The multiplex detection of authorized antimicrobials in food products is of great importance. Youn et al. (2019) developed a multiplex FRET-based aptasensor for the multiplex detection of three antimicrobials (sulfadimethoxine, kanamycin, and ampicillin) in milk (Figure 6
]. The multiplexing strategy is based on the combined use of three different aptamers, specific for sulfadimethoxine, kanamycin, and ampicillin, labeled with three different fluorophores (cyanine 3 (Cy3), 6-carboxyfluorescein (FAM), and cyanine 5 (Cy5)), quenched by graphene oxides (GO). Furthermore, to improve the sensitivity of the aptasensor, a DNase I-assisted cyclic enzymatic signal amplification (CESA) method is used. DNase I is a non-specific endonuclease that cleaves single-stranded DNA. Graphene oxides are protective elements towards DNase I. The fluorophore-labeled aptamers are non-covalently bound to GO. Therefore, when the antibiotic is added and binds to the aptamer, the fluorophore-labeled aptamers are released in solution and digested by DNase I. The digestion leads to the recycling of antibiotics that can again bind to another fluorophore-labeled aptamer. The recycling of antibiotics allows the amplification of the fluorescence signal and improves the sensitivity of the aptasensor.
Liu et al. (2015) developed a fluorescent aptasensor for the detection of oxytetracycline and kanamycin, based on two aptamers and two signal labels (i.e., two fluorophores: fluorescein amidite or carboxyfluorescein (FAM) and carboxy-X-rhodamine (ROX)) for multiplexing purposes [105
]. Both aptamers are immobilized onto magnetic nanoparticles (MNPs). Two different cDNA are conjugated, each one with a different fluorophore, one with green FAM (520 nm), and one with yellow ROX (608 nm). When both targets (oxytetracycline and kanamycin) are missing, both cDNA can bind to the dual aptamers-MNPs. Therefore, the fluorescent signal reaches maximum intensity at the two wavelengths (520 and 608 nm). When one of the targets is present, it binds with its specific aptamer. Therefore, fluorophore-labeled cDNA is released. The fluorescence signal intensity emitted by this fluorophore declines. With such molecular configuration, it is possible to discriminate between both antimicrobials and to conclude which one is present in a sample. Limits of detection have been set as low as of 0.85 ng/mL and 0.92 ng/mL for kanamycin and oxytetracycline (OTC), respectively.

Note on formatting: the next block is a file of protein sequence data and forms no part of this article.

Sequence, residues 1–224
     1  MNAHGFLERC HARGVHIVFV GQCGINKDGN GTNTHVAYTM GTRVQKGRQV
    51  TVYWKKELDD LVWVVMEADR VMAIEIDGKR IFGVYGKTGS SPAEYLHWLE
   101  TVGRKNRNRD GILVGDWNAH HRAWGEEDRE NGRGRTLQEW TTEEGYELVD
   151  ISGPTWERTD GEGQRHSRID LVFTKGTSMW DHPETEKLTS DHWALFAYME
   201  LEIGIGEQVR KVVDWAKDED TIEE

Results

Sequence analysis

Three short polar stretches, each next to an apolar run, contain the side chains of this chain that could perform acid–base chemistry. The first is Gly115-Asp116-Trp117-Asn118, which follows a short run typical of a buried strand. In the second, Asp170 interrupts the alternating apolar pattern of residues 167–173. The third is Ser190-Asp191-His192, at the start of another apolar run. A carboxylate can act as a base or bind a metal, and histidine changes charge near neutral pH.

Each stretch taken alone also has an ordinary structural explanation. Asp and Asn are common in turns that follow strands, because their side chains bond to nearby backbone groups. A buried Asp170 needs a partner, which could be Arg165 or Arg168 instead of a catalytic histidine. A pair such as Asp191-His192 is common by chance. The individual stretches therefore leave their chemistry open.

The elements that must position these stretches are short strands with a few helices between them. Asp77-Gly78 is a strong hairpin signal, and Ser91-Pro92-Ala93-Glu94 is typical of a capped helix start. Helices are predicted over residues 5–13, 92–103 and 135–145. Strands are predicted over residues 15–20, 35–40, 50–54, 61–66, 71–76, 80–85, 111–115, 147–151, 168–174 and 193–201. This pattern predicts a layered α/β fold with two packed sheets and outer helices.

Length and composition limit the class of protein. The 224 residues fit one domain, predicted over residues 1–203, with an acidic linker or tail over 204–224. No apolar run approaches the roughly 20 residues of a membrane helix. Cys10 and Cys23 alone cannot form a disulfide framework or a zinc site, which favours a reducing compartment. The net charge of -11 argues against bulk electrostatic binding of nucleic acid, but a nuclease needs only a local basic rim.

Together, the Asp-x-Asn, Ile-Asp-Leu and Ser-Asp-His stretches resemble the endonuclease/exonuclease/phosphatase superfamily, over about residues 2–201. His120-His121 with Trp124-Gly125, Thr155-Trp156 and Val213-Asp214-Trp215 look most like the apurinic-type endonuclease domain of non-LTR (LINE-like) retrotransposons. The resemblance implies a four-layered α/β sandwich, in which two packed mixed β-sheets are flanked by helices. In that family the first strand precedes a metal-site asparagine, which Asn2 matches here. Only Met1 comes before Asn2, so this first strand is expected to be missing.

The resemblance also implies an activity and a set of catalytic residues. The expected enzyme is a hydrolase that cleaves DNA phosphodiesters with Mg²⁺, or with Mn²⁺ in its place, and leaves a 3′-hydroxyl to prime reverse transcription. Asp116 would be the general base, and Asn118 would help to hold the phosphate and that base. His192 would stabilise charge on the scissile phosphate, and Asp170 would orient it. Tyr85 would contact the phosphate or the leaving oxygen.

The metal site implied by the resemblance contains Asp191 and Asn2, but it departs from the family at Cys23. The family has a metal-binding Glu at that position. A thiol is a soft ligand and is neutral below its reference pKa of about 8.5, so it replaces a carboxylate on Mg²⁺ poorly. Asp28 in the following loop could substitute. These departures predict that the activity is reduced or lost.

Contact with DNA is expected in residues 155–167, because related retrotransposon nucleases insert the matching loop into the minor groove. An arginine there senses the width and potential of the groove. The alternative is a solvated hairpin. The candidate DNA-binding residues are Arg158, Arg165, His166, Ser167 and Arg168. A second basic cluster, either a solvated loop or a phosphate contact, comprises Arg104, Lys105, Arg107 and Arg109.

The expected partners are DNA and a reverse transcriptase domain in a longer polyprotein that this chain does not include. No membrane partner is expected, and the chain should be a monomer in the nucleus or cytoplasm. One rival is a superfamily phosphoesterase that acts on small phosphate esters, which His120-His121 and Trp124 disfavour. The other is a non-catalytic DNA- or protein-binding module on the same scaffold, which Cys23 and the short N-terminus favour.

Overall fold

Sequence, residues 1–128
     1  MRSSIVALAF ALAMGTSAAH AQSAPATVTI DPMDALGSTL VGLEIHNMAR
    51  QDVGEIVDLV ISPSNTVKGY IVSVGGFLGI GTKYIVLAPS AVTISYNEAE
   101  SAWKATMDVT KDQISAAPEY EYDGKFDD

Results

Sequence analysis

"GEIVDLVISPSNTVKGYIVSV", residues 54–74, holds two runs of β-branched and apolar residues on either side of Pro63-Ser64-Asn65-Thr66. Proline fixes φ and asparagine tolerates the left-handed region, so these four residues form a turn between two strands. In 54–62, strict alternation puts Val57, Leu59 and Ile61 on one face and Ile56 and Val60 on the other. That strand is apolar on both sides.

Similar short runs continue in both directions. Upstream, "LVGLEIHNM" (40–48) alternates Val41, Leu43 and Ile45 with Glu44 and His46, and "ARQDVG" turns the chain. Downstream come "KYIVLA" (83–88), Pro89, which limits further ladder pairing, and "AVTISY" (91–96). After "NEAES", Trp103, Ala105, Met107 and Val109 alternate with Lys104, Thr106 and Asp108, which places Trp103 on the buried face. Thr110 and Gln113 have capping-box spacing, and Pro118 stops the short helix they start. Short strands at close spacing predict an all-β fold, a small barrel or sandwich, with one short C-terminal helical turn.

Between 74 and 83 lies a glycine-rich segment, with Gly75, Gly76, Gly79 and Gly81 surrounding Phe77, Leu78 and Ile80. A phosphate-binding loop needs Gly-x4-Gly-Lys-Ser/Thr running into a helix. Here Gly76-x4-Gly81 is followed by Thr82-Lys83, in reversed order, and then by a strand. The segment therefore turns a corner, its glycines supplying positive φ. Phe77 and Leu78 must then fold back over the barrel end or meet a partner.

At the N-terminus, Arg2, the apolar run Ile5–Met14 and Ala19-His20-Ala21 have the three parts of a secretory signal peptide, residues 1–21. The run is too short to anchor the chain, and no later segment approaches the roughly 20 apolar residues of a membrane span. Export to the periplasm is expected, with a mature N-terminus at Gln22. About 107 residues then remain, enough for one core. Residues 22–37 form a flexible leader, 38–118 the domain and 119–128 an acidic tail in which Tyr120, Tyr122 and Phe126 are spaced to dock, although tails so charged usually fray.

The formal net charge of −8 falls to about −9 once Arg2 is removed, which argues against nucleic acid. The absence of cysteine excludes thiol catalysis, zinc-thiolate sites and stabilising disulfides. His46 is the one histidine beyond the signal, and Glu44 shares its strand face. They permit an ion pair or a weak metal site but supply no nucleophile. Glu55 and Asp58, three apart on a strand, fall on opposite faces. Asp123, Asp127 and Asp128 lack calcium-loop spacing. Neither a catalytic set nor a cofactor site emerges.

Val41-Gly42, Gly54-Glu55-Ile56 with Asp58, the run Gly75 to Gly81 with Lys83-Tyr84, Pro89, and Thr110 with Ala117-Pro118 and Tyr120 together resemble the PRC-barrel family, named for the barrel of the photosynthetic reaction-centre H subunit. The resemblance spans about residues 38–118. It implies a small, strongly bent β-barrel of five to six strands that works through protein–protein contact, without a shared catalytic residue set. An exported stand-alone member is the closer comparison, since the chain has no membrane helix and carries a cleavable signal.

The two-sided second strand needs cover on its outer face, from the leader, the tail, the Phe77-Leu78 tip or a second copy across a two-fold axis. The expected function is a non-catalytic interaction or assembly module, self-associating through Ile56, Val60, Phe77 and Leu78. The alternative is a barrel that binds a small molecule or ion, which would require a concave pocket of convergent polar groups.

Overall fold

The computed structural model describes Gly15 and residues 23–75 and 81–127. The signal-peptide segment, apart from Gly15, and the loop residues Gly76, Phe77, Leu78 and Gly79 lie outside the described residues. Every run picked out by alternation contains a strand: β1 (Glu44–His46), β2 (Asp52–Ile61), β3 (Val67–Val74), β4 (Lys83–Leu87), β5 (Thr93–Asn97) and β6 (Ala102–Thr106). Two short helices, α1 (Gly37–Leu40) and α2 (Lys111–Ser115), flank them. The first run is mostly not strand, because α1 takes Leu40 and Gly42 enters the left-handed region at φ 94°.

3.2. Colorimetric Aptasensors
The second type of aptasensors that was developed during the 10 past years for the detection of antimicrobial residues are colorimetric aptasensors. Their advantages are their low cost and the possibility to read the results visually sometimes (simply using the naked eye) or with a smartphone (easy to export the data). Naked eye detection, as well as reading with smartphones, presents a great advantage to develop simple, quick, and cheap aptasensors for field-testing, on-site applications, and self-control in food industries. Wu et al. (2020) developed a colorimetric aptasensor that uses a smartphone for reading (Figure 7
]. The detection limits in the buffer are calculated as low as 7.0 nM and 32.9 for tetracycline (TET) and CAP, respectively.
In the past, colorimetric assays often lacked sensitivity. The use of advanced nanomaterials (e.g., gold nanoparticles (AuNPs), magnetic beads (MBs)) has improved their sensitivity [118
Different types of colorimetric aptasensors have been designed based on Horseradish peroxidase (HRP) or HRP-mimicking DNAzyme and some others based on induced-aggregation of AuNPs [109
]. Examples of colorimetric aptasensors developed for the detection of antimicrobial residues in animal-derived food products are presented in Table 2
• Colorimetric aptasensors based on natural HRP:
Yan et al. (2018) designed a simple colorimetric aptasensor for the detection of chloramphenicol (CAP) in honey and fish, based on HRP covalently bound to a specific aptamer pre-immobilized on a microtiter plate by hybridization with a complementary DNA (cDNA) (Figure 8